De novo design and molecular assembly of a transmembrane diporphyrin-binding protein complex.
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The de novo design of membrane proteins remains difficult despite recent advances in understanding the factors that drive membrane protein folding and association. We have designed a membrane protein PRIME (PoRphyrins In MEmbrane) that positions two non-natural iron diphenylporphyrins (Fe(III)DPP's) sufficiently close to provide a multicentered pathway for transmembrane electron transfer. Computational methods previously used for the design of multiporphyrin water-soluble helical proteins were extended to this membrane target. Four helices were arranged in a D(2)-symmetrical bundle to bind two Fe(II/III) diphenylporphyrins in a bis-His geometry further stabilized by second-shell hydrogen bonds. UV-vis absorbance, CD spectroscopy, analytical ultracentrifugation, redox potentiometry, and EPR demonstrate that PRIME binds the cofactor with high affinity and specificity in the expected geometry.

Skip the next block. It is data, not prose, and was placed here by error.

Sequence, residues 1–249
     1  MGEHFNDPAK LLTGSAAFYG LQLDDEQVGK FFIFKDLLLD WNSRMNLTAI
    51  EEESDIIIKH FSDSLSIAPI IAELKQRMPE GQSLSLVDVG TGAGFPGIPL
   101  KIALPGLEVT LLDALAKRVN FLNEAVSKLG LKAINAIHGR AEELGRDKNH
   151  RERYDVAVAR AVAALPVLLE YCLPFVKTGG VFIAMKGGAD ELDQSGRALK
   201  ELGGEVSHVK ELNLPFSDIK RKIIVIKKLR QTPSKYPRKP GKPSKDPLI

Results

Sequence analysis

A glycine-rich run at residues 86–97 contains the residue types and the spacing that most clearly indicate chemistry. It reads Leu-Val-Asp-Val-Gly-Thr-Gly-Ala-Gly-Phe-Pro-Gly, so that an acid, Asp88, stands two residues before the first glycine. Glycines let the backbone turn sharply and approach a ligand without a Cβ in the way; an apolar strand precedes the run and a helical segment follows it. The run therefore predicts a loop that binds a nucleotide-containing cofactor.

Published Version (Please cite this version)10.1021/ja107487b
Publication InfoKorendovych, Ivan V; Senes, Alessandro; Kim, Yong Ho; Lear, James D; Fry, H Christopher; Therien, Michael J; ... Degrado, William F (2010). De novo design and molecular assembly of a transmembrane diporphyrin-binding protein complex. J Am Chem Soc, 132(44). pp. 15516-15518. 10.1021/ja107487b. Retrieved from https://hdl.handle.net/10161/4046.
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William R. Kenan, Jr. Distinguished Professor of Chemistry
Our research involves the synthesis of compounds, supramolecular assemblies, nano-scale objects, and electronic materials with unusual ground-and excited-state characteristics, and interrogating these structures using state-of-the-art transient optical, spectroscopic, photophysical, and electrochemical methods. Over chemical dimensions that span molecules to materials, we probe experimental and theoretical aspects of charge migration reactions and ultrafast electron transfer processes. Insights